Stan Wood, right, talks with tour participants about managing timber on his property, Riverwood Farms, so that it promotes healthy tree growth while also providing a strong habitat for wildlife.
CULLMAN – The annual Cullman Farm-City Tour was held Oct. 23, 2018, with a group of local residents visiting two agriculture and two manufacturing facilities located across Cullman County.
"Distinct differences exist between farm and city life, but rural and urban communities rely heavily upon each other to provide the abundant American way of life," said Bonnie Baty, chairman for the Cullman Farm-City Committee. "Here is Cullman County, we have a unique mix of farm and city life and are blessed to have both agribusiness and industrial manufacturing that fuel our economy and make Cullman County a great place to live and work."
The day started with a trip to Wallace State Community College where Travis Kress took guests inside the school's new Small Farmer Training Program. The first group of students to take the course will receive training in how to start and operate their own farms or serve as a farm manager of existing farms. For those interested in working in agriculture, the program will offer a better understanding of farm operations to work in nonprofits or farmer assistance and promotion organizations.
The other agriculture stop took the tour group to the southern border of Cullman County to visit Riverwood Farms where owners Stan and Suzanne Wood — the 2018 Farm-City Family of the Year — hosted lunch and gave a tour. The Woods purchased the property, formerly owned and managed by International Paper, more than a decade ago. They have continued to manage the timber supply across more than 1,400 acres while also developing a beautiful private hunting camp as well as their home, which serves as a wonderful weekend and holiday gathering place for their family and friends.
Industry stops on the 2018 Farm-City Tour included LP in Hanceville and Rehau in Cullman. At LP, the tour took guests through each step of LP’s manufacturing process for oriented strand board (OSB), which is widely used in the construction industry. The highly automated process sees that none of the timber parts go to waste as even the bark from trees is used as fuel for the plant's dryer. At Rehau, tour participants saw how the company's just-in-time manufacturing process is used to produce parts for the Mercedes-Benz plant near Tuscaloosa as well as several other auto manufacturers.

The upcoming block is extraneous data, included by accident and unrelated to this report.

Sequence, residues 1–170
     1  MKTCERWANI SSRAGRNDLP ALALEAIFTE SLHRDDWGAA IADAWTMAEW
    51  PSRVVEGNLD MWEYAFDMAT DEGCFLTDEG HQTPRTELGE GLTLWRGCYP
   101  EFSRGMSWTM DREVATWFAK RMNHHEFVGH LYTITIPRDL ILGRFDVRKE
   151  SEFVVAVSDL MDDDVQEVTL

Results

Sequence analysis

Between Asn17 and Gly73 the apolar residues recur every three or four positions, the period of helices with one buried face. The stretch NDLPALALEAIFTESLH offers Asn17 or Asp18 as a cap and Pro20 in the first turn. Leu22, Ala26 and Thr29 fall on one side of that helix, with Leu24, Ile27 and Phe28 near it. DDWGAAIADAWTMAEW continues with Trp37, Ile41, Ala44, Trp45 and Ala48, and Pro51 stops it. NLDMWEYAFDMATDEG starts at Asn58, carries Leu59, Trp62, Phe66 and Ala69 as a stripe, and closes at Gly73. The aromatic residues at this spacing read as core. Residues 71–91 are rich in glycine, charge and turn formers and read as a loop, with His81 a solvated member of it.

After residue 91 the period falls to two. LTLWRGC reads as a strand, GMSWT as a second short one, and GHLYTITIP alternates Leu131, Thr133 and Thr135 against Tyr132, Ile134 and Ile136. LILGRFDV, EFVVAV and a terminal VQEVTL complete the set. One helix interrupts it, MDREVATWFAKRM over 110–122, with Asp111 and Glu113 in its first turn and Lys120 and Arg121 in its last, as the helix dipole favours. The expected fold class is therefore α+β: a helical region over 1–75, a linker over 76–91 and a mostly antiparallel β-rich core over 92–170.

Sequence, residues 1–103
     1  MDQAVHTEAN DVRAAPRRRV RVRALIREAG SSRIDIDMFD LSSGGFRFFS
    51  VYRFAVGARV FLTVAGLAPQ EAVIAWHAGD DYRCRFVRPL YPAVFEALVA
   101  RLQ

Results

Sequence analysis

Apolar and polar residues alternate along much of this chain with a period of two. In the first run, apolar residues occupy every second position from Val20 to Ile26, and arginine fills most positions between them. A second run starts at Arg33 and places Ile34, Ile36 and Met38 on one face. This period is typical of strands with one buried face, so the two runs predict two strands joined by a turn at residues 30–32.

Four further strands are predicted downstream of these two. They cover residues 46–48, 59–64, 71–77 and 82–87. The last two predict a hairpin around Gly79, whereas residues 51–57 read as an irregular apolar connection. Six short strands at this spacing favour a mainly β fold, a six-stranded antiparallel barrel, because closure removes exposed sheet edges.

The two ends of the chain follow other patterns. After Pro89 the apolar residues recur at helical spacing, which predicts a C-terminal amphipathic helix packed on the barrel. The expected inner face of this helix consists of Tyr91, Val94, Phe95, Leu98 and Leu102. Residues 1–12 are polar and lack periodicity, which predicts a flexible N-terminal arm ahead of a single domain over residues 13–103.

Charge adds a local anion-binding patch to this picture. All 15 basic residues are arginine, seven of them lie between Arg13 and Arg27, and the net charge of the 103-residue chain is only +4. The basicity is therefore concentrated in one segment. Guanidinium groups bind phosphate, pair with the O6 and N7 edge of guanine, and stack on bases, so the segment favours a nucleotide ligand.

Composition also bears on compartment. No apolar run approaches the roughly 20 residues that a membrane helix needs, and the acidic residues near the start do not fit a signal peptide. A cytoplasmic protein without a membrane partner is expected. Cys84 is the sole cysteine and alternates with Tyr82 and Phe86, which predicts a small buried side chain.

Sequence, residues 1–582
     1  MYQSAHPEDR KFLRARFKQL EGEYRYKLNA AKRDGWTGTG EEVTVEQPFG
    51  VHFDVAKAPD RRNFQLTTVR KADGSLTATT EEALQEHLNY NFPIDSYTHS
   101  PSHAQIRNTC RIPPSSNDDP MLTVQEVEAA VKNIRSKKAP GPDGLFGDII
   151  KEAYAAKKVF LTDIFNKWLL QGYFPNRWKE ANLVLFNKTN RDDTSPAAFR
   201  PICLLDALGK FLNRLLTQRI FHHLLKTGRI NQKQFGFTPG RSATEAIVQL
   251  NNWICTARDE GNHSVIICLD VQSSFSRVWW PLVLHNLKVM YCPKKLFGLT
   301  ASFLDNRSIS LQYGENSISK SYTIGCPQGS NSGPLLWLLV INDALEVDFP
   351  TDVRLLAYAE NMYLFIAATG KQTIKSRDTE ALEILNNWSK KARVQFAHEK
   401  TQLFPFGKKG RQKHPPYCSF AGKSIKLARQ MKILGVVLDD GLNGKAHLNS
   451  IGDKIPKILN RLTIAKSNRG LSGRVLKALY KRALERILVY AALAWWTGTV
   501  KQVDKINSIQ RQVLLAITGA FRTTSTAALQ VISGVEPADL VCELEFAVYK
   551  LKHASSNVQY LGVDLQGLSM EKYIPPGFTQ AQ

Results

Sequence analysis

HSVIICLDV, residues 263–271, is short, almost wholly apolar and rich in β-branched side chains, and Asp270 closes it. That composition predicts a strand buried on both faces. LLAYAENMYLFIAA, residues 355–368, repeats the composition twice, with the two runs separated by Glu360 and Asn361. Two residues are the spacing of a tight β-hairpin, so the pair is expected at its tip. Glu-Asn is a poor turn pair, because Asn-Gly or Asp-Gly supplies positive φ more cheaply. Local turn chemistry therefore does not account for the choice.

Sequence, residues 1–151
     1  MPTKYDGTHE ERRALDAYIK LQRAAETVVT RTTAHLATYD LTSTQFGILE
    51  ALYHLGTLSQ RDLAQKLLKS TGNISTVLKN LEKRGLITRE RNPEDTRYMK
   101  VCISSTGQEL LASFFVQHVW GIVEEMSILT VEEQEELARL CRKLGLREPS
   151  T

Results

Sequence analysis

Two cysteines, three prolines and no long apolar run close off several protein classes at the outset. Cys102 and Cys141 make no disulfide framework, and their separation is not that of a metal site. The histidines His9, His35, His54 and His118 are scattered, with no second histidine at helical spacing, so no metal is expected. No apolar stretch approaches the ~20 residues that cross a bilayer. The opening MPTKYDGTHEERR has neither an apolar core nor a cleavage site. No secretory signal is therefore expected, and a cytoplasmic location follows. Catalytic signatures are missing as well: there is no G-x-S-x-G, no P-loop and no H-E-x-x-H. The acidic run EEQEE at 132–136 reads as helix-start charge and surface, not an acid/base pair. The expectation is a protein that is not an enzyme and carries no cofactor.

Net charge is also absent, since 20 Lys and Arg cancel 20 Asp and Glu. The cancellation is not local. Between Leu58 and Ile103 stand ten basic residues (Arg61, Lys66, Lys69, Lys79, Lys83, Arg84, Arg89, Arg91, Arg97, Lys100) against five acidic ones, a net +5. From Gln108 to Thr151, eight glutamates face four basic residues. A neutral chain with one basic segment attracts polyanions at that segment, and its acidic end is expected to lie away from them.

The main goal of Farm-City is to deepen understanding of the relationship between rural farmers and urban workers. Since 1955, Farm-City committees have hosted educational events and invited city folk to visit local farms for a first-hand look at how their food is raised.
"Farmers are dedicated to producing quality food, fiber and forest products for everyone to enjoy," Baty said. "Moving those products from farms to homes requires cooperation with people from varying walks of life. Grocers, truck drivers, factory workers, computer scientists, bankers, veterinarians, chemists, salesmen and numerous others all play important roles in getting food from fields to kitchen tables."
The final Cullman Farm-City event for 2018 is the annual banquet, scheduled for Nov. 15, starting at 6:30 p.m., at the Cullman Civic Center. Fred Hunter, WBRC Fox 6 meteorologist and host of the weekly show ‘Absolutely Alabama,’ will be the guest speaker. Live music will be performed by Cotton Pickin Kids, and the 2019 Farm-City Family will be announced. Tickets are $20, and can be purchased at Merchants Bank, Peoples Bank, Cullman Savings Bank, Citizens Bank and Regions Bank.
(Below) Tim Thornhill of LP talks with guests on the 2018 Farm-City Tour about the process of converting wood fiber into oriented stand board (OSB), one of the most widely used construction materials in the country.